JAXA’s Efforts to Disaster Management
Japan, which is known as a disaster-prone country, has suffered a great deal of damage from natural phenomena such as typhoons, heavy rains, heavy snowfalls, landslides, earthquakes, tsunamis, and volcanic eruptions. We would like to express our deepest sympathies to all those who have been affected by these natural disasters.
In order to mitigate the damage caused by natural disasters, it is important to understand the damage situation early and quickly. In addition, for some disasters, such as volcanic eruptions, regular monitoring can be expected to prevent damage by detecting signs of disaster. Satellites, such as the Advanced Land Observing Satellite-2 (ALOS-2) of the Japan Aerospace Exploration Agency (JAXA), are capable of periodically observing a wide area. We, JAXA Satellite Applications and Operations Center (SAOC) are working to minimize the impact of natural disasters and build a society in which people can live without anxiety (Table 1).
List 1: Activities for Disaster Management Utilization of Earth Observation Satellites
Cooperation with disaster management organizations
Our activities started in 2006 at the request of the Cabinet Office, the Ministry of Land, Infrastructure, Transport and Tourism, and other disaster management organizations, and we have gradually stepped up our efforts. Currently, we are working in cooperation with the Cabinet Office Designated Government Organizations, the Coordinating Committee for Prediction of Volcanic Eruption, the Coordinating Committee for Earthquake Prediction, local public entities, and other disaster management organizations (Figure 1).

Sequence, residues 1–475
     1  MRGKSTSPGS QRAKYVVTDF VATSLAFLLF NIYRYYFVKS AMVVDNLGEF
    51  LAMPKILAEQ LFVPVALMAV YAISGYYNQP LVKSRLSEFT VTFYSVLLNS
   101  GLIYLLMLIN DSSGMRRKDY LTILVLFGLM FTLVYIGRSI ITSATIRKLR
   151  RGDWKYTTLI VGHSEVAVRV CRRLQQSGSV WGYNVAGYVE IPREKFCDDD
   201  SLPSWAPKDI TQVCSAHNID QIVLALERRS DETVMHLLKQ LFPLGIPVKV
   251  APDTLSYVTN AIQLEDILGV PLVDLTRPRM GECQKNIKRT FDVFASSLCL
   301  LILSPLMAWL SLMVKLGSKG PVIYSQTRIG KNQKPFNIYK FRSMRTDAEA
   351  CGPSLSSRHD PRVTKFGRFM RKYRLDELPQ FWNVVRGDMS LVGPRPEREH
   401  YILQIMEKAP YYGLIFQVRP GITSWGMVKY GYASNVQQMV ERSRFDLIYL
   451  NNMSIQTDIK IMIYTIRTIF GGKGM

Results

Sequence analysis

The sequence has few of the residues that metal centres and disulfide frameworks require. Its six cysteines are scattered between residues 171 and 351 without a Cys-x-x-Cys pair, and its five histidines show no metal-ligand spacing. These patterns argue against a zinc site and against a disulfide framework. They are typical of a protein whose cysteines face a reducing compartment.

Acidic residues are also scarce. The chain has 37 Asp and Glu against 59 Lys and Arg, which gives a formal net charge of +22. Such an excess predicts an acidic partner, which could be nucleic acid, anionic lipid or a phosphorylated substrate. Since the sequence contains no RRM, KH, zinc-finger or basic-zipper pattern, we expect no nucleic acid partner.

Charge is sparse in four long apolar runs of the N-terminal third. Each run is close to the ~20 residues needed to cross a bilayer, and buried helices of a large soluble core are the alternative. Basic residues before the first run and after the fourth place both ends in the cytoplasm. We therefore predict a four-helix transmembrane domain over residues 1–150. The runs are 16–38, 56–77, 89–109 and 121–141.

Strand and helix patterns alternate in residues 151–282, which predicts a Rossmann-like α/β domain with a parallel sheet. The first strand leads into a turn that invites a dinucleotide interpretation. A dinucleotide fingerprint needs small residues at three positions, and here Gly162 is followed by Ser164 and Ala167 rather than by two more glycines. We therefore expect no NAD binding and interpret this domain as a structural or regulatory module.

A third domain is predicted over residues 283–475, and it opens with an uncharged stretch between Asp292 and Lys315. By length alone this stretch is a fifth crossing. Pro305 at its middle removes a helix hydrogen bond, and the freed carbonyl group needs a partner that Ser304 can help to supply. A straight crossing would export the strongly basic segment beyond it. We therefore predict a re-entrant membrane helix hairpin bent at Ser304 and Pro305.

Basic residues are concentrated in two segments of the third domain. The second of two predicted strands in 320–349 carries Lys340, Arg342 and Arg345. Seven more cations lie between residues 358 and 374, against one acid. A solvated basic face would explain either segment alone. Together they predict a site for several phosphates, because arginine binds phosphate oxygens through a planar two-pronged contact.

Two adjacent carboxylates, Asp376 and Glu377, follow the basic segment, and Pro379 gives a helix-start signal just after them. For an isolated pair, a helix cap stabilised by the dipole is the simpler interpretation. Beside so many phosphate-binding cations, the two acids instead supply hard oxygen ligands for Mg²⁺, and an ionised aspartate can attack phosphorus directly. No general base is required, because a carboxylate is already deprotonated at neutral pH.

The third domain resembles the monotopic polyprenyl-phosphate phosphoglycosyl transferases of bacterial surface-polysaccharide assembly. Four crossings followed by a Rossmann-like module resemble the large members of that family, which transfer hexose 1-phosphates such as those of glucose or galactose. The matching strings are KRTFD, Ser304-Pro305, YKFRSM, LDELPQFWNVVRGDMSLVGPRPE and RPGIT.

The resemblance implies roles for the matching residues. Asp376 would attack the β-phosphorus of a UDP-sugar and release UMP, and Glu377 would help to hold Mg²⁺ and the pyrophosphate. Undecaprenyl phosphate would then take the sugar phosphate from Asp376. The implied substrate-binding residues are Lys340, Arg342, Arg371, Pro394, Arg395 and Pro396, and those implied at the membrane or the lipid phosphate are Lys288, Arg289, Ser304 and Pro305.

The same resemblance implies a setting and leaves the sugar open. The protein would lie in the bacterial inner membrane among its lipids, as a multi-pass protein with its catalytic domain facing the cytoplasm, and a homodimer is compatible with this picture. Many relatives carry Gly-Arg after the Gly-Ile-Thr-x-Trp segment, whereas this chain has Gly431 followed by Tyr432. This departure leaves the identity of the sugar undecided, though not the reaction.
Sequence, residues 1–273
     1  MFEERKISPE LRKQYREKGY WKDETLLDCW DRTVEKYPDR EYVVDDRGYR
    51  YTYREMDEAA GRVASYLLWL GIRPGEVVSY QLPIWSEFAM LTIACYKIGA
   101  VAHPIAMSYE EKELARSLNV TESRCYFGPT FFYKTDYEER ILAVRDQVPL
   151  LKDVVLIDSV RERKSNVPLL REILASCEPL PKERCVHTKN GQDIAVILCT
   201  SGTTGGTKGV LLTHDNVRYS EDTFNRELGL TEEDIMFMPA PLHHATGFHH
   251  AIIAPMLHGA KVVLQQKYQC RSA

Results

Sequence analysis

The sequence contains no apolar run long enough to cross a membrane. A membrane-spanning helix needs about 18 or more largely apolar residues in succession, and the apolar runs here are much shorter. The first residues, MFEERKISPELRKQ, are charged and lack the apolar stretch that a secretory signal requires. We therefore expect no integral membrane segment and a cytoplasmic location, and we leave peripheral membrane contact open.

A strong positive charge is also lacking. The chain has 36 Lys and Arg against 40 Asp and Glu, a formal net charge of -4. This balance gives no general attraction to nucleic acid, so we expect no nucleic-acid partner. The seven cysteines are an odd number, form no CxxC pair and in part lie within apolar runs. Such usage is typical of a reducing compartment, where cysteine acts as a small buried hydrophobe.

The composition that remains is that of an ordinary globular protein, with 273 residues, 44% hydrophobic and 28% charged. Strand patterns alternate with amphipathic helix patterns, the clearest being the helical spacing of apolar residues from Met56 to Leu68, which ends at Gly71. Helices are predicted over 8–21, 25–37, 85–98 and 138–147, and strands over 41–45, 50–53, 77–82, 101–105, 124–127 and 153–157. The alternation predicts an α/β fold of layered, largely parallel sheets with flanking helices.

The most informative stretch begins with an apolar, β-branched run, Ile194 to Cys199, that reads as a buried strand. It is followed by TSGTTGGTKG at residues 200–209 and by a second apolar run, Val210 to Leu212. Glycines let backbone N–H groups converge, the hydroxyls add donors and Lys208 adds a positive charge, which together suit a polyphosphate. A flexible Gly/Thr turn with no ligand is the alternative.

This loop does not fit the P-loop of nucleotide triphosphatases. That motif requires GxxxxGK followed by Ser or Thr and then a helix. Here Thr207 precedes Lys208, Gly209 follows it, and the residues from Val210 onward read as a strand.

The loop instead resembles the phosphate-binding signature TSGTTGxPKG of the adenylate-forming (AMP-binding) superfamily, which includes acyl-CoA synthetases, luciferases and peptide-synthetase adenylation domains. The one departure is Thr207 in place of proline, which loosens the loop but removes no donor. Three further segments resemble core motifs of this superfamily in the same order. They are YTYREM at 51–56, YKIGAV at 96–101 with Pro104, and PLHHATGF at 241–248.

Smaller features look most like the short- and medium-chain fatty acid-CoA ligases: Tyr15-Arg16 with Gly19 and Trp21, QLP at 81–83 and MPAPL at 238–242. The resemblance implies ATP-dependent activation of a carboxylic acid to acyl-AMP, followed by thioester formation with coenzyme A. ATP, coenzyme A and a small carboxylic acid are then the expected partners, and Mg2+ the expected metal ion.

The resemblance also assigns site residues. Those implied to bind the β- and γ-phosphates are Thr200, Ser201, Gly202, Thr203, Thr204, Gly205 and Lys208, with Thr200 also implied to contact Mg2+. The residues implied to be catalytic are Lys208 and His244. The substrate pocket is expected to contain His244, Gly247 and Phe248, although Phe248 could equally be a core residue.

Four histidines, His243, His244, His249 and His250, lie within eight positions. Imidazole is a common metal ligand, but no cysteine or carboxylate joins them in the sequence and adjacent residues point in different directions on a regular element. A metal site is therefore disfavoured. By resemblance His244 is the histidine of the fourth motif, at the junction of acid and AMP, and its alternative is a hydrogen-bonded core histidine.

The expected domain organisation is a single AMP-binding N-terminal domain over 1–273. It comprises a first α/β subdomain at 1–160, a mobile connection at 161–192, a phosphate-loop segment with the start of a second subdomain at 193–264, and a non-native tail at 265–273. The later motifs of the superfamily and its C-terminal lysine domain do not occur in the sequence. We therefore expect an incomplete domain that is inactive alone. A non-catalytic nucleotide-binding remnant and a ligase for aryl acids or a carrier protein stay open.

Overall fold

In addition to emergency observations during disasters, we hold regular meetings with disaster management organizations to share information on current issues and user needs, such as how to improve satellite observation plans and how to use satellite data for disaster management. As a result, we are able to quickly provide more advanced information from satellite data to more effectively support the response by disaster management organizations. We will also reflect this information in our study of new Earth observation satellites, such as ALOS series.
Emergency observations by Earth observation satellites
In the event of a natural disaster, we conduct emergency observations using Earth observation satellites, such as ALOS-2, at the request of cooperating disaster management organizations. The observed data and information on affected areas are provided to disaster management organizations for use in disaster management and mitigation activities such as damage detection.
JAXA has developed the website “BOUSAI INTERFACE” to share satellite data with disaster management organizations, and started its operation in September 2020 (Figure 2). This system provides a one-stop service to accept requests for emergency observations and products from domestic and international organizations engaged in disaster management and response, and to provide various products generated from optical and radar observation data.